What’s more frustrating than the prime minister making a big show of coming to town, but only giving local reporters between themselves just one question he will deign to answer? Well, how about Yukon’s justice minister staging a news conference at Whitehorse Correctional Centre, giving a prepared statement that made no obvious point, and then waltzing off without answering a single question at all?
The Yukon saw both spectacles last week. At least Justice Minister Mike Nixon, after some prodding, did provide a later interview to the Yukon News, even if he succeeded only in further confusing matters. Maybe that’s why he apparently wasn’t allowed to speak earlier: he hadn’t gotten his story straight yet.
The issue at hand is one we’ve raised several times in these pages in recent weeks: the Yukon Human Rights Commission being barred from investigating complaints at Whitehorse Correctional Centre.
At first, Nixon declined repeated interview requests on the matter. Eventually, a Yukon News reporter buttonholed him at a constituency barbecue he was holding. Nixon, at that point, hit a snag, in that the comments he made were at odds with the position taken by his own officials.
At the time, the minister said he had no objection to human rights investigators snooping around the jail, provided other avenues had first been exhausted. Justice officials, meanwhile, have insisted that human rights complaints are nobody’s business but their own, and they can be dealt with internally or through the courts.
Nixon’s later public appearance at the jail, if it had any purpose at all, seemed to be to defuse this issue. On this point, he failed spectacularly, in that he never uttered the words “human rights,” let alone addressed the substance of these concerns.
Later, when the minister fielded questions by telephone, he contradicted himself and trotted out his department’s official position: keep out, human rights watchdogs. If inmates don’t like how they’re being treated, they can always ask for a judicial review. (The idea that a mentally ill inmate would have the resources to launch such a legal challenge is just nutty.)
While Nixon was able to produce some imaginary examples where the Human Rights Commission might be allowed on the premises, the fact remains that in the real world investigators remain barred.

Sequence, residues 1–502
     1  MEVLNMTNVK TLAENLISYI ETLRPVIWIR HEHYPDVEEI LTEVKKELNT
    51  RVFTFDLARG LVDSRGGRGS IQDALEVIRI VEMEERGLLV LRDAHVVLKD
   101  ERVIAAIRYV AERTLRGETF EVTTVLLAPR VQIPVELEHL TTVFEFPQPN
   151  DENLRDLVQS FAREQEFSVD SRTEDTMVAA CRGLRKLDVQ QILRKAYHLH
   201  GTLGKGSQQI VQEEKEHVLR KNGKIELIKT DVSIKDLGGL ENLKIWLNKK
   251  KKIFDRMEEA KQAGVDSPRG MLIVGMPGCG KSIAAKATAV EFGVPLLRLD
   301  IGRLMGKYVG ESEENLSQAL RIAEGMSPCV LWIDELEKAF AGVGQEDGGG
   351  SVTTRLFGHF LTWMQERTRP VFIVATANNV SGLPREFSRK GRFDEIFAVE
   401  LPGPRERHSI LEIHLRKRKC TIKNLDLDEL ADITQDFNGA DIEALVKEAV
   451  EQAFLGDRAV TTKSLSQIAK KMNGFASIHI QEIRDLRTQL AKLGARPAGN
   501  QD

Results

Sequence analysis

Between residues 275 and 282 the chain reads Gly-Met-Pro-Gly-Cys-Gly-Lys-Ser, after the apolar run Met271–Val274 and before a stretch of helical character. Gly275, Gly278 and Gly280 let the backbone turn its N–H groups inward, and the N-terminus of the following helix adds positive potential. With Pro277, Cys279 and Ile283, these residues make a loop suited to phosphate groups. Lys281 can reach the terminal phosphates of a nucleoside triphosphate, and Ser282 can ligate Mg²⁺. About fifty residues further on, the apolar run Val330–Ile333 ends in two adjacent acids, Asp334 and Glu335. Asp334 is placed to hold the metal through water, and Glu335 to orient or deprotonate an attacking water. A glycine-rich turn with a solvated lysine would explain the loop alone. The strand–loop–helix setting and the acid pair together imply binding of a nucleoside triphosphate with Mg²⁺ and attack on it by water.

There are two obvious points to be made. One, the Yukon government’s refusal to allow human rights investigators to hear out human rights complaints is shameful and abhorrent. Several such complaints have recently been made. In at least one case, an inmate who struggles with serious mental illness asserts that he’s been left in solitary confinement for prolonged periods, with little medical supervision. If true, this would be a recipe for making an already deranged inmate even more dangerous upon his eventual release, which does the public no service.
Where is the minister on this? AWOL.
Two, the Yukon government’s communications strategy, in its worst cases such as here, is idiotic and self-defeating. If you’re trying to get out in front of an issue, actually speak to it. If you’re trying to ignore an issue, don’t hold a news conference about it. Sheesh!
Instead, Nixon managed to draw further attention to an issue he clearly doesn’t want to speak about. In doing so, he prompted other news outlets – that, inexplicably, hadn’t seen the value in covering this story until then – to match with their own reports.
Yukon Party muckymucks have grumbled that this outlet doesn’t give their team a fair shake on matters such as this one. This is sort of like punching yourself in the face, then blaming someone else for the black eye. Want a fair shake? Try providing some honest answers, rather than lame evasions.
The best way to clear the air over concerns with the jail’s use of solitary confinement of mentally-ill inmates is to let the Human Rights Commission do its job. As we’ve said before, the jail’s own
Investigations Standards Office, or ISO, is poorly equipped to resolve the matter. If that weren’t the case, it wouldn’t be conducting its third investigation into the jail’s solitary confinement policies.
To date, Nixon has created the impression of being hopelessly out of his depth on this issue. It’s time for him to get serious. As it stands, he’s only further tarnishing the reputation of the justice system he’s supposed to help oversee.